HONOLULU (HawaiiNewsNow) - A bill that would require Hawaii child care providers to obtain liability insurance is awaiting Gov. David Ige's signature.
Supporters of HB674 say it's an effort to increase oversight and give families better peace of mind.
"I think it fills an important gap in policy to protect both providers and the families they serve," said Cynthia King.
The law would be known as the "Wiley Muir Act" in honor of King's son, who died at a Honolulu daycare in 2014.
"Ultimately, it's a bill that allows parents to sue providers once an injury or death has already occurred," King said. "And the whole point is to try and prevent those things from happening."
Chelsea Valiente agrees.
Her son, Peyton, suffered grave injuries at an Ewa Beach in-home day care two years ago.
She says he still undergoes extensive rehab.
"He is recovering although he's not out of the woods yet," Valiente said. "These people need to be held accountable and I think this is a good way to keep them in check."
According to Department of Human Services, there are roughly 390 registered family child care homes and six licensed group child care facilities in Hawaii.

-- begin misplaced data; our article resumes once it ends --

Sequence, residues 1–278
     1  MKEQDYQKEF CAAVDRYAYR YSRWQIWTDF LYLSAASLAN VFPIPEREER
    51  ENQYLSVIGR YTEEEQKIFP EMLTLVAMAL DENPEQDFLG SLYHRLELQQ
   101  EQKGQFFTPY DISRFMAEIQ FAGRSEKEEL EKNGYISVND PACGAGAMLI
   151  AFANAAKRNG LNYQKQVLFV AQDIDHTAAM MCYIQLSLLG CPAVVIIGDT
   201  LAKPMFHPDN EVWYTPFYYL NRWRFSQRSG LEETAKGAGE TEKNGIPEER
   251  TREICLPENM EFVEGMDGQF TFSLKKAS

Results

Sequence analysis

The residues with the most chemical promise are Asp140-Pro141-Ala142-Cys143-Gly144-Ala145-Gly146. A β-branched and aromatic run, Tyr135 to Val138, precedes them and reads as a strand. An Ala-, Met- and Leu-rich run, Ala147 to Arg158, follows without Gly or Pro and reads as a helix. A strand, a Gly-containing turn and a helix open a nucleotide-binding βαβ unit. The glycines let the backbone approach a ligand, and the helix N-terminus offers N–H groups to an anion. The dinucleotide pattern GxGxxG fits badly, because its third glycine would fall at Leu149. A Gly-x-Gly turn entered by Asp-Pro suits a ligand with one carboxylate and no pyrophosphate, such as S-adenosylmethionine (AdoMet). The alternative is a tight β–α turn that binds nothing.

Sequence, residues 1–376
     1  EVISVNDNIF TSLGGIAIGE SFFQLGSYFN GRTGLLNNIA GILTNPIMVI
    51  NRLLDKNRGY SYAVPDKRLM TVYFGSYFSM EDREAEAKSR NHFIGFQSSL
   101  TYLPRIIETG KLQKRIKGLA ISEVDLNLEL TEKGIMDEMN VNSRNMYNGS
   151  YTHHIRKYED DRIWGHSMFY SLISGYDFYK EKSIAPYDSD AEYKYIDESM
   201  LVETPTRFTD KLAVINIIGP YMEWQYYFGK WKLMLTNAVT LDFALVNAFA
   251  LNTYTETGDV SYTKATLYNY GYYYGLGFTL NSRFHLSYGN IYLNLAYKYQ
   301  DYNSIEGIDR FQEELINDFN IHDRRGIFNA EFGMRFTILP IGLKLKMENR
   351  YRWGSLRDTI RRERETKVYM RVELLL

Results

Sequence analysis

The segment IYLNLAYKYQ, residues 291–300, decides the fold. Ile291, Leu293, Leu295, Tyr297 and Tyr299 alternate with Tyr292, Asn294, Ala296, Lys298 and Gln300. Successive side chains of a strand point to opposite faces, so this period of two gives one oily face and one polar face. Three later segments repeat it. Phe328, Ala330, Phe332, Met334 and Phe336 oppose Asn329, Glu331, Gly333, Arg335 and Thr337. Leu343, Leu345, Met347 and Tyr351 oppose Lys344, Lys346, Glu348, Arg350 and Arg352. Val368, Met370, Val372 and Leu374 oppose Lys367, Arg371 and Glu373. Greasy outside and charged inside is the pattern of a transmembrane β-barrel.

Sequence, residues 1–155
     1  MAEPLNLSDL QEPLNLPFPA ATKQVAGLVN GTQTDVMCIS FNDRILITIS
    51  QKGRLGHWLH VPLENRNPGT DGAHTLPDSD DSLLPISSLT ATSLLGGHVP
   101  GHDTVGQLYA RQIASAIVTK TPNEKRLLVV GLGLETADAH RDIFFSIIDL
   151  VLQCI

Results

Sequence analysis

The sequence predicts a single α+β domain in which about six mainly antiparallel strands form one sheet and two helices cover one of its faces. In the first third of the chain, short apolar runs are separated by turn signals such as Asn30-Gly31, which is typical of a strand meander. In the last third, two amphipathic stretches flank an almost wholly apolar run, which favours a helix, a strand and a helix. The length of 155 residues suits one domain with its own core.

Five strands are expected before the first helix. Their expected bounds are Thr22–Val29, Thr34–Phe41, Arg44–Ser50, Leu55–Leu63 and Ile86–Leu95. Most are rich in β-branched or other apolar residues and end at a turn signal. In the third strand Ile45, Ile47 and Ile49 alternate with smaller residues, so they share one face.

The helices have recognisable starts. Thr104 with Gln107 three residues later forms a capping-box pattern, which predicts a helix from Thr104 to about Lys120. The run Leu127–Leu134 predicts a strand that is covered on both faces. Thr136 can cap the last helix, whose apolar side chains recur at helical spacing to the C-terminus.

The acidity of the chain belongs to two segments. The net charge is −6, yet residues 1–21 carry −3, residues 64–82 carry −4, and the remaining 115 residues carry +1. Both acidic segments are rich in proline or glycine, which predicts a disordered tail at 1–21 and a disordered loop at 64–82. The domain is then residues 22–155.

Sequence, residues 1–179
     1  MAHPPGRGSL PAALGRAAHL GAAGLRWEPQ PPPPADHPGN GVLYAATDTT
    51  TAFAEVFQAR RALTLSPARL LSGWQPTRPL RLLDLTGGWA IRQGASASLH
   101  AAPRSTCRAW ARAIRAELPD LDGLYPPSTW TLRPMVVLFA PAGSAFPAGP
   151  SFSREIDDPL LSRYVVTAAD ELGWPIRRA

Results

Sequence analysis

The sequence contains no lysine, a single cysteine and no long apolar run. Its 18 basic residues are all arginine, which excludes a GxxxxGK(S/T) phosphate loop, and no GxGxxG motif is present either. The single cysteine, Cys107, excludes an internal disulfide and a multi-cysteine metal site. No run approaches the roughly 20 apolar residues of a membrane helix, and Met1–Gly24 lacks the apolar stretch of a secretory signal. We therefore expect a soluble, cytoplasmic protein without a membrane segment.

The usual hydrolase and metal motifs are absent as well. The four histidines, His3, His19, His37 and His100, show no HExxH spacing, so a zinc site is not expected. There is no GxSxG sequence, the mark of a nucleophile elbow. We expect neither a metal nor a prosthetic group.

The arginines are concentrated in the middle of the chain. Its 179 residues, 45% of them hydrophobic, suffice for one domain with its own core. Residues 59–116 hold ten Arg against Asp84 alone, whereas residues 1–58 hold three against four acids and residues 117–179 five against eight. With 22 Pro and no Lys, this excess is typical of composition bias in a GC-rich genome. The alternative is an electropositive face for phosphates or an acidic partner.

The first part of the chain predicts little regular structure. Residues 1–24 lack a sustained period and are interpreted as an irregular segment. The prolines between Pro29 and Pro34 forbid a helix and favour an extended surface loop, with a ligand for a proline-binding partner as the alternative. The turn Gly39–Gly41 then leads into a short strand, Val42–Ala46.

The agency supports the intent of the bill, but said the costs of obtaining liability insurance might reduce the number of day cares available and parents may pay more money for services.
"We requested the legislature give us enough time so we can figure it out," said DHS Director Pankaj Bhanot, in a February interview with Hawaii News Now. "What are the rates and what impact would it have."
Another proposal that would have required the state to post child care inspection records online, failed this legislative session.
"I'm really hoping that in the future, lawmakers will recognize there are still really important steps to take to make day cares safer for our keiki," said King. "Ultimately, this really is just one piece of a bigger picture to try and make licensed day cares safer for our kids."
The bill now heads to the governor's desk.
If passed, child care providers will need to carry liability insurance by 2019.